Applications for asylum in Britain are dropping sharply, the government said Tuesday but acknowledged more efforts was needed to remove failed asylum seekers from the country.
Some 6,220 people sought asylum between April and June this year, down 11 percent from the previous three months and 21 percent fewer than the same period last year, the Home Office said.
The deportation of failed asylum seekers rose by 3 percent during the three month period compared to January to March this year, with 3,095 would be refugees returned to their home countries. But, the number of rejected asylum seekers was two percent lower than the same period in 2004.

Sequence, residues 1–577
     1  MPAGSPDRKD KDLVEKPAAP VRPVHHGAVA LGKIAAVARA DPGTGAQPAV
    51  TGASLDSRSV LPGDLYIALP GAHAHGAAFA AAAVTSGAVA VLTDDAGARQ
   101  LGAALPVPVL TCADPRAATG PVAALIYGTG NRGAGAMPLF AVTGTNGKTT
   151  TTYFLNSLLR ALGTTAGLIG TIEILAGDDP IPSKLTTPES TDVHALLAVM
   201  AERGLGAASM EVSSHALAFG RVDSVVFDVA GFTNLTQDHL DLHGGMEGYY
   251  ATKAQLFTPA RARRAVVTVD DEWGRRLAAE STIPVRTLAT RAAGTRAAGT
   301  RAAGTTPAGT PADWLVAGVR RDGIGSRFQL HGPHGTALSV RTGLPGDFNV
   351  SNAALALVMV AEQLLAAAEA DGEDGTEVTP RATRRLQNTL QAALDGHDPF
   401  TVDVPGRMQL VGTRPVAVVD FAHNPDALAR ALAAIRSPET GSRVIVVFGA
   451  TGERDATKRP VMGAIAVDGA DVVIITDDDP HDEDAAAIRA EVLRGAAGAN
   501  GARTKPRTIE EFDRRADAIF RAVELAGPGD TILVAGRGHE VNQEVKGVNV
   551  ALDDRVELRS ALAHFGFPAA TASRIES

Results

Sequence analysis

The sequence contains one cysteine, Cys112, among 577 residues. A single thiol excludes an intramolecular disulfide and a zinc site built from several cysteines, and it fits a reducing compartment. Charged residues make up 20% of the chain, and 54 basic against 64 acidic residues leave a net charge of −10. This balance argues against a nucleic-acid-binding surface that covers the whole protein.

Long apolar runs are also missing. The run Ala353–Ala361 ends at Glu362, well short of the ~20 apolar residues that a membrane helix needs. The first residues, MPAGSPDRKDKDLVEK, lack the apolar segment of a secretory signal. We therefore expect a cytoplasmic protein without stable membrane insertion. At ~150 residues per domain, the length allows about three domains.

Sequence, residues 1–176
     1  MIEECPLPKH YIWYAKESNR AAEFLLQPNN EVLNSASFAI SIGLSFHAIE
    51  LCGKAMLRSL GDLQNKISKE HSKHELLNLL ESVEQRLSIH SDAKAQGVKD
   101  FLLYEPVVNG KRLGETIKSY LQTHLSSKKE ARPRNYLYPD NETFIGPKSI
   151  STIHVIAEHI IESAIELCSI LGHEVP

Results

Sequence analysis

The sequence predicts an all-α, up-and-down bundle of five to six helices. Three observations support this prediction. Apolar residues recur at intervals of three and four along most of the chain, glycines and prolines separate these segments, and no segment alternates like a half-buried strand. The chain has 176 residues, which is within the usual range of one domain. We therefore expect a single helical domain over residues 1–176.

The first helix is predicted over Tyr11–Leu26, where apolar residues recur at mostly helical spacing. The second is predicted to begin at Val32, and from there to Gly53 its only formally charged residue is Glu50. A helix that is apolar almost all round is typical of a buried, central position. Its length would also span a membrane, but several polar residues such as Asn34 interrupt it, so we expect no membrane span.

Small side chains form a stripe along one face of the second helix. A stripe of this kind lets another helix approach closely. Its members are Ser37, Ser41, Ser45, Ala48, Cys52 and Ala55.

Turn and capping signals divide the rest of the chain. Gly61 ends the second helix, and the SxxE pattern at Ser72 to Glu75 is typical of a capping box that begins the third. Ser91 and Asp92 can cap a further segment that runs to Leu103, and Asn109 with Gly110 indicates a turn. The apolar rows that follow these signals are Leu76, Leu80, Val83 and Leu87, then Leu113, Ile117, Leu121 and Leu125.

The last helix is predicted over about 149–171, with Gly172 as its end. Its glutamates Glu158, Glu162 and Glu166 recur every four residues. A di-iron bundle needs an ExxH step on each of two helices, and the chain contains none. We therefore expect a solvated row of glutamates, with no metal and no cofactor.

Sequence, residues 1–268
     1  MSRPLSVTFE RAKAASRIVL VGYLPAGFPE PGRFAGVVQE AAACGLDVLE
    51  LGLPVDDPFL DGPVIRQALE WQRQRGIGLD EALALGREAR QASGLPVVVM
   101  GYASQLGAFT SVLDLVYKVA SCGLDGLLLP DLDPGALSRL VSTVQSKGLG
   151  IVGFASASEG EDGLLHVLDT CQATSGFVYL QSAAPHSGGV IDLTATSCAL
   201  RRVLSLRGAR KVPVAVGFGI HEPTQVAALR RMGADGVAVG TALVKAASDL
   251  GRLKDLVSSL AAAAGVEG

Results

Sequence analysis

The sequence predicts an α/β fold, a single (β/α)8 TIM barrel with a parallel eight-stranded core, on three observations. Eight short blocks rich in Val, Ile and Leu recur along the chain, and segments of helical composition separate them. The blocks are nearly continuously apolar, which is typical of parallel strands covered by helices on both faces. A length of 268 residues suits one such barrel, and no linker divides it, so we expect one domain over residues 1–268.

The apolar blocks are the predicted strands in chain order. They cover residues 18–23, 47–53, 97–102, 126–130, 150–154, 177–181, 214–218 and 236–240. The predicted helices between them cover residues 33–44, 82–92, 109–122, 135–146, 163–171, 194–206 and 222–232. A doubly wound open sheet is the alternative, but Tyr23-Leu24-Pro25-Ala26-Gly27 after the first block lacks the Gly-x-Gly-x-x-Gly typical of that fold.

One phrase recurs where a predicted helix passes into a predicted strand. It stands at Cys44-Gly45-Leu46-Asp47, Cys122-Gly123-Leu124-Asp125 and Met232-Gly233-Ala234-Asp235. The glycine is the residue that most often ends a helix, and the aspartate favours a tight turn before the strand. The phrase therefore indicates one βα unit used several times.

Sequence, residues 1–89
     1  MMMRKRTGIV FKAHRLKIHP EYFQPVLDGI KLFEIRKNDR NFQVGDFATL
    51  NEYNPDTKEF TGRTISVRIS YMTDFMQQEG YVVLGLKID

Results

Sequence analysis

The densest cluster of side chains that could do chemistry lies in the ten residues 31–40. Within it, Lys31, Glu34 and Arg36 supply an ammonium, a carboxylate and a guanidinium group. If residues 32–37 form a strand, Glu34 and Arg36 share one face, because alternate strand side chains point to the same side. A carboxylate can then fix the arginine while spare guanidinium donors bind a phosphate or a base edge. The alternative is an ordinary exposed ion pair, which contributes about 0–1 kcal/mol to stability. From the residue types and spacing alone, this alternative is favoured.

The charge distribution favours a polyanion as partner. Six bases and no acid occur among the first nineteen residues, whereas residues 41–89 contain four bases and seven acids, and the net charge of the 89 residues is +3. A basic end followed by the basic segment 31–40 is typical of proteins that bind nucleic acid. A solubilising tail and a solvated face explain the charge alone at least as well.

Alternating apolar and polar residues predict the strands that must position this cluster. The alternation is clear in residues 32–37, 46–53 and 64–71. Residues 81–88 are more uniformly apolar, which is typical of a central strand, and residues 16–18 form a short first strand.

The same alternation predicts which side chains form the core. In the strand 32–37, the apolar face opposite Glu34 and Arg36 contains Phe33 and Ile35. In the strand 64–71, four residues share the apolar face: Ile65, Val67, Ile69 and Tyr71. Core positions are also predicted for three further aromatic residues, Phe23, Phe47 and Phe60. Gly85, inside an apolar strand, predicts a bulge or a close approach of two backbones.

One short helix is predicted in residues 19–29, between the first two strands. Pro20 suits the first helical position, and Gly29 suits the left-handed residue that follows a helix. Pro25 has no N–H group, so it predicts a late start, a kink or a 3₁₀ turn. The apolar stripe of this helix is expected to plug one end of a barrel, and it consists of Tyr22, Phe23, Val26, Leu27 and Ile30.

Immigration minister Tony McNulty acknowledged the government needed to "make more progress in this area."
The main opposition Conservative Party said Britain's asylum system was in a shambles.
"This makes a mockery of the government's target to deport more failed asylum seekers than arrive," said spokesman Humfrey Malins. "Rather than rising, the number of deportations is in fact falling. The continued failure to address this problem beggars belief."
Immigration and asylum is politically sensitive in Britain. Asylum applications rose to record levels in 2002, and Prime Minister Tony Blair has fought hard to get control of the issue.
The government has introduced tighter border controls, speeded up the pace of processing and returning failed asylum seekers, cracked down on sham marriages and bogus universities offering fake courses, the AP reports.
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